MEXICO CITY — The government of Enrique Peña Nieto has lost its second senior security official in as many months, underscoring concern about rising crime and how effective the administration's policing policies are.
Interior Minister Miguel Angel Osorio Chong on Tuesday formally announced the resignation of Manuel Mondragon y Kalb, national security commissioner, whom he praised for his work to improve intelligence and fight corruption. Mondragon was not present but has cited personal reasons for stepping down and asserted that he would continue to serve the government as a consultant.
Later, via Twitter, he expressed his "gratitude for the opportunity to assist as an advisor in the strategic planning for the training and education of police."
Just under two months ago, Gen. Oscar Naranjo resigned. Naranjo, a Colombian security chief credited with much of that country's success in tamping down drug cartels, announced he was returning home to work on Colombian President Juan Manuel Santos' reelection campaign and to attend to peace talks with guerrillas.
Although both Mondragon and Naranjo have given reasons for leaving, their departures come as the government struggles with persistently high crime rates. A report released Tuesday by the National Citizens Observatory, which tracks violent crime, said six of eight "high-impact" crimes rose again in January, including kidnapping and extortion.
"The first year of government has concluded for President Peña Nieto and various state governors" — most of whom are from the president's party — "and all we can say is the many promises about public safety have been left behind," the organization said.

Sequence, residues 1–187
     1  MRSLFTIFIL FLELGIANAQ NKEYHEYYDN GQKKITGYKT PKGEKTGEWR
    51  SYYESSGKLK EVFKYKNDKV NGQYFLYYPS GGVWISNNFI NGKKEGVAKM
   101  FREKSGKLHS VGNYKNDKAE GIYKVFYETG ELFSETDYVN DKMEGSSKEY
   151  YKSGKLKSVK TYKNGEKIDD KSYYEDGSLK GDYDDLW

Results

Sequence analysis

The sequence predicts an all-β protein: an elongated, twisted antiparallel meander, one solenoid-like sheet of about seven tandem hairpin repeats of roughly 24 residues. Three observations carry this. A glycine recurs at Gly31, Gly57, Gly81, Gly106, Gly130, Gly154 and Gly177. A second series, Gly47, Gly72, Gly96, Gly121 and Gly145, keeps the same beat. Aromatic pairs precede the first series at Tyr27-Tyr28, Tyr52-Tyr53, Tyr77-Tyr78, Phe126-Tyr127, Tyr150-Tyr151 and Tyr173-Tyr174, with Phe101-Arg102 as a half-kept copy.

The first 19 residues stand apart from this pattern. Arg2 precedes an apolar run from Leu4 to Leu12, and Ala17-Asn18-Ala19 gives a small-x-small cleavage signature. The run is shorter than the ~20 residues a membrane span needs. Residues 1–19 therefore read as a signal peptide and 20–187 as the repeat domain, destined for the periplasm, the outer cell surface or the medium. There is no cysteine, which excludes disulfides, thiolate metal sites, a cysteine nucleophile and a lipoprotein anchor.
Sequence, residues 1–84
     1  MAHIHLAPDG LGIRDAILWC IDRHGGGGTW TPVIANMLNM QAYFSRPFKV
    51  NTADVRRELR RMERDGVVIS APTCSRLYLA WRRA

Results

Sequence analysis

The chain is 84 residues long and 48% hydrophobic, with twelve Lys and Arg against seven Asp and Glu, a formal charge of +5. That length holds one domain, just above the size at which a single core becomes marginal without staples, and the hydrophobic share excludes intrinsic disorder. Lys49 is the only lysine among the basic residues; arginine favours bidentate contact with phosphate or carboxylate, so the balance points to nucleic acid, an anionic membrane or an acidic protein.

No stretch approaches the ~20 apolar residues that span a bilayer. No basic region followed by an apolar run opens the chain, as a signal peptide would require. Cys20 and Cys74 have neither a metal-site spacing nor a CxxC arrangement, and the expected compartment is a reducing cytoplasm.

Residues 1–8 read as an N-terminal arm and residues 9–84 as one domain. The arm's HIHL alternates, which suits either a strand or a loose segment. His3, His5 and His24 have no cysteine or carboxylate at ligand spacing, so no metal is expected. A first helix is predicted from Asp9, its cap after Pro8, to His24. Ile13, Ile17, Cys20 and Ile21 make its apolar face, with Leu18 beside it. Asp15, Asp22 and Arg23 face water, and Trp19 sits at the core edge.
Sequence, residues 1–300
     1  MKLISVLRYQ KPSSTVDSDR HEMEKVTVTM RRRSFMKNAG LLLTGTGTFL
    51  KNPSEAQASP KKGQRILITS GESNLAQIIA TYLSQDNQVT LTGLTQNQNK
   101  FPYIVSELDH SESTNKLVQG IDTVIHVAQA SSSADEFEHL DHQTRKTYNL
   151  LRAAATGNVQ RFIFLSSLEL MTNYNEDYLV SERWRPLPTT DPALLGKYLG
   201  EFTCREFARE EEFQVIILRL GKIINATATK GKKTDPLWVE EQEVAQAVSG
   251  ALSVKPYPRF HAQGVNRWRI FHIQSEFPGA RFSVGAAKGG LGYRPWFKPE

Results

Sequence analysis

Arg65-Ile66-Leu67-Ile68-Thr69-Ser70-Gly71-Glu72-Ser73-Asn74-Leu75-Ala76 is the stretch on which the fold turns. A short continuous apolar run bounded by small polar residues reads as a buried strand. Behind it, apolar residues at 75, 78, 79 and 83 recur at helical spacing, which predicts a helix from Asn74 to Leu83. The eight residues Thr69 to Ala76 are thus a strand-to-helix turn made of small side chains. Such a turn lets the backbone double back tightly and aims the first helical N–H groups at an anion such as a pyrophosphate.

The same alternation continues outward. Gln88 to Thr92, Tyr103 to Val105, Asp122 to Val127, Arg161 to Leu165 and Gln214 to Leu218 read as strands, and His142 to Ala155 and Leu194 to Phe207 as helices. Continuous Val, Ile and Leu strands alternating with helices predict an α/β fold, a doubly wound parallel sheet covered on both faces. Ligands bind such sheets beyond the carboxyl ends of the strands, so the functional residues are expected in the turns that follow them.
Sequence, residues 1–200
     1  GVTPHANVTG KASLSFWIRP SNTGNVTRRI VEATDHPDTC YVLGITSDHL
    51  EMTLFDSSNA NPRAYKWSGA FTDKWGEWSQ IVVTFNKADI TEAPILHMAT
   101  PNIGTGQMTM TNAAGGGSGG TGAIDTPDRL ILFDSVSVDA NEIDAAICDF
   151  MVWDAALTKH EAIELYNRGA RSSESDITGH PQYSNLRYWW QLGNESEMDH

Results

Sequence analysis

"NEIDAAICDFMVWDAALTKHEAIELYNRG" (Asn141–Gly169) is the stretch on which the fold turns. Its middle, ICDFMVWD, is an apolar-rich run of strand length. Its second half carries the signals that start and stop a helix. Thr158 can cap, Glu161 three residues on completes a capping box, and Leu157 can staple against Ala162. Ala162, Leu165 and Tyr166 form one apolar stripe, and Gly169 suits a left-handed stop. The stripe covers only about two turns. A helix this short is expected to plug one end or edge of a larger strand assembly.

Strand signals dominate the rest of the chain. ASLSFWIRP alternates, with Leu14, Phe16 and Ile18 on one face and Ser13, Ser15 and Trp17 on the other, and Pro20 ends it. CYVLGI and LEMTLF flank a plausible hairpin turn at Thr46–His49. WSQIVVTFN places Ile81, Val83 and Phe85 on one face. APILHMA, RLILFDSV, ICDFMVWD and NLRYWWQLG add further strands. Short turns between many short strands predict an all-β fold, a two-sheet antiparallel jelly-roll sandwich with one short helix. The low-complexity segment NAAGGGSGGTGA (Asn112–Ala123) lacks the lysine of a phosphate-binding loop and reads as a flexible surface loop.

Despite several high-profile arrests of drug traffickers, including the most-wanted of all, Joaquin "El Chapo" Guzman, many in Mexico feel that the government has failed to articulate a clear security policy.
Mondragon, though admired by many as an effective leader, has been the face of one of this government's most significant failures in security.
The 80-year-old surgeon and former naval commander was in charge of establishing a new "gendarmerie" police force, one of the most concrete promises from Peña Nieto's presidential campaign. But more than a year into Peña Nieto's term, plans have been scaled back, and formation of the force is months behind schedule.
Mondragon also oversaw the federal police, who, despite much attention from U.S. advisors and focus by Mexican officials, continue to lag behind in vetting and reforms aimed at weeding out corruption and making the institution better able to monitor itself.
Peña Nieto had brought Naranjo, with much fanfare, to Mexico to serve as a special advisor to the government in its deadly drug war. His inclusion was also seen as a reassurance to U.S. officials who worried that the new Mexican government would tolerate cartels rather than fight them.
During Naranjo's tenure, armed vigilante groups have mushroomed across the violent states of Michoacan and Guerrero with the stated purpose of fighting traffickers, dramatizing the government's inability to provide security in those areas.
Like Naranjo, Mondragon was not part of Peña Nieto's inner circle; his previous job was with the Mexico City government, which is controlled by the leftist Democratic Revolution Party. Some insiders say Mondragon never felt comfortable with Peña Nieto's closest aides, all of whom are part of a tight cabal of Institutional Revolutionary Party stalwarts.
Analysts said the departures highlight that the government has a long way to go in forming a cohesive strategy that can make Mexicans feel safer.
"We don't really know why Mondragon is leaving because there are no standards in the Peña Nieto government … for evaluating his performance — what did he do well, what did he do poorly," said Ernesto Lopez Portillo, executive director of the Mexico City-based Institute for Security and Democracy.
"Officials can come and go, but what is important … is that there be accountability and transparency" within the security forces, he said. "Problems persist ... that overwhelm the system."Copyright © 2015, Los Angeles Times